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Contempt hearing delayed and objections filed: Where Ohio's redistricting maps stand now

 Voter rights groups gather in downtown Columbus to call on the Ohio Redistricting Commission to draw a "fair" Congressional map.
Andy Chow
Statehouse News Bureau
Voter rights groups gather in downtown Columbus to call on the Ohio Redistricting Commission to draw a "fair" Congressional map.

The Ohio Supreme Court still has to sign off on the House and Senate maps passed last week by the Ohio Redistricting Commission.

But the secretary of state has ordered boards of elections to start preparing May 3 primary ballots with candidates for the districts on those maps.

That got a response from the voting advocacy groups that filed the lawsuits over the maps.

The groups want the court to rule those maps invalid, but also to say Secretary of State Frank LaRose — who was among four Republicans voting for those maps — can’t use those maps for the May 3 primary.

The groups also want the court to declare the maps from Stanford Professor Jonathan Rodden filed in the initial case in December constitutional, but stopped short of asking for the court to implement them. Cleveland State Marshall College of Law Dean Emeritus Steven Steinglass says that’s not possible.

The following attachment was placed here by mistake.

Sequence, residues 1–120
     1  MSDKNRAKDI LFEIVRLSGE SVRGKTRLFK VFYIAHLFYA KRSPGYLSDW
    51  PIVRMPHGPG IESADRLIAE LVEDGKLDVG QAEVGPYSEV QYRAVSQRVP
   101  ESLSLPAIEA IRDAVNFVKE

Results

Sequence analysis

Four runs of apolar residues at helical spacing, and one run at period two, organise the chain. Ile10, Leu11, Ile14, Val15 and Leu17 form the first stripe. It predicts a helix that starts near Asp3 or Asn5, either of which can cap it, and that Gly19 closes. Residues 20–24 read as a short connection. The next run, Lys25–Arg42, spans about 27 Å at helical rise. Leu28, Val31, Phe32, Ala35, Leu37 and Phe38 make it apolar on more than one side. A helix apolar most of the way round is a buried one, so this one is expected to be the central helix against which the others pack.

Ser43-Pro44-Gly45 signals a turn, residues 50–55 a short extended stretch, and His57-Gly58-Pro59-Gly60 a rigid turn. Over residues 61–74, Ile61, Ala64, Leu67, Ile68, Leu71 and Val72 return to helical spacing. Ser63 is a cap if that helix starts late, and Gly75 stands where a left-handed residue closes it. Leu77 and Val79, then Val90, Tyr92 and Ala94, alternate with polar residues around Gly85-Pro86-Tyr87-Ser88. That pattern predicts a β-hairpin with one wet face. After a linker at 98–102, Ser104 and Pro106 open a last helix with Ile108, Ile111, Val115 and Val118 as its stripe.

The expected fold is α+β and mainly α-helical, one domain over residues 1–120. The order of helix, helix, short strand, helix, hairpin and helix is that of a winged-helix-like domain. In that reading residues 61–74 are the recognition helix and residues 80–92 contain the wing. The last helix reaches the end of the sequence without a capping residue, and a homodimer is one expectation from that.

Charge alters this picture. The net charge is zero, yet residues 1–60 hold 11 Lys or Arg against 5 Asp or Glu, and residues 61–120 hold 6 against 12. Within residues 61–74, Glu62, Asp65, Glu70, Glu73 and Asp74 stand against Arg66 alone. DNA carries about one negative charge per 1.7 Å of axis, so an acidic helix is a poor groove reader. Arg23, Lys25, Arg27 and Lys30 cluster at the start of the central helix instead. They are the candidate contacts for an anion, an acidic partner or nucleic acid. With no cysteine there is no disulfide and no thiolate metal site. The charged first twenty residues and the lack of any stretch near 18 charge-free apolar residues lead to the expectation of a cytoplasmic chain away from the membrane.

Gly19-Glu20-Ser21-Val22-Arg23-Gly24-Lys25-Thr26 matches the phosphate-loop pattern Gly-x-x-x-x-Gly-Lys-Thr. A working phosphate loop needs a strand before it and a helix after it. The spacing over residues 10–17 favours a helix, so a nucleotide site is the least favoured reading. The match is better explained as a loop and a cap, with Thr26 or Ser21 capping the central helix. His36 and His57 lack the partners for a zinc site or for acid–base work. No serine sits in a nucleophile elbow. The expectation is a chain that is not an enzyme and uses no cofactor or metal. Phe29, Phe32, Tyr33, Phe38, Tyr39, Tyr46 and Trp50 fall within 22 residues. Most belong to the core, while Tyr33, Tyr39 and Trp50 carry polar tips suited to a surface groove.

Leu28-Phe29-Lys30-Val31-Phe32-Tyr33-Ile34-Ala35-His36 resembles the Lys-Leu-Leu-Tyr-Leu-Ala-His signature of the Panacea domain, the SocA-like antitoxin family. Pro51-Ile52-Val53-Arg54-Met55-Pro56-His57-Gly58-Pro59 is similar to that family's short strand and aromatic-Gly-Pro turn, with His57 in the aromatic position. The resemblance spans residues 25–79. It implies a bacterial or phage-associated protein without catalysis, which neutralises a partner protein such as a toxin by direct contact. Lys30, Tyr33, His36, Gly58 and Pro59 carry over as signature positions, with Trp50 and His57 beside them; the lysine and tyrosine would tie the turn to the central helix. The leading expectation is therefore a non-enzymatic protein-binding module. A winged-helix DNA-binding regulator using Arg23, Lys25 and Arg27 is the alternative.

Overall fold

“I don't think you can order the implementation of a map. It can’t require the adoption of a particular map, and that may seem like a very thin distinction," Steinglass said in an interview forThe State of Ohio.

The court has also delayed Tuesday’s contempt of court hearing for the Ohio Redistricting Commission while it looks at the new maps the panel passed last week and the filings in the case.

But there was a dispute amongst the justices about that hearing.

Justice Sharon Kennedy wrote in a dissent to the order to call the hearing: "The chief justice, acting alone, does not have the authority to reject the answers filed by respondents, the Ohio Redistricting Commission and the commission members, to the show-cause orders in these cases and order the commission members to appear in person. Rather, such orders require the assent of at least three other justices of this court."

And Kennedy said O'Connor didn't call for a vote of the court. "Nothing in the Ohio Constitution grants the chief justice of this court authority to rule on motions on behalf of the full court," Kennedy wrote.

Justice Pat Fischer also said he would be writing a dissent, but it hasn't been published to the court's website yet.

Justice Pat DeWine has recused himself from contempt proceedings since his father, Gov. Mike DeWine, could face individual consequences as a member of the Ohio Redistricting Commission. So he can't be called to vote on whether there should be a hearing.
Copyright 2022 The Statehouse News Bureau. To see more, visit The Statehouse News Bureau.

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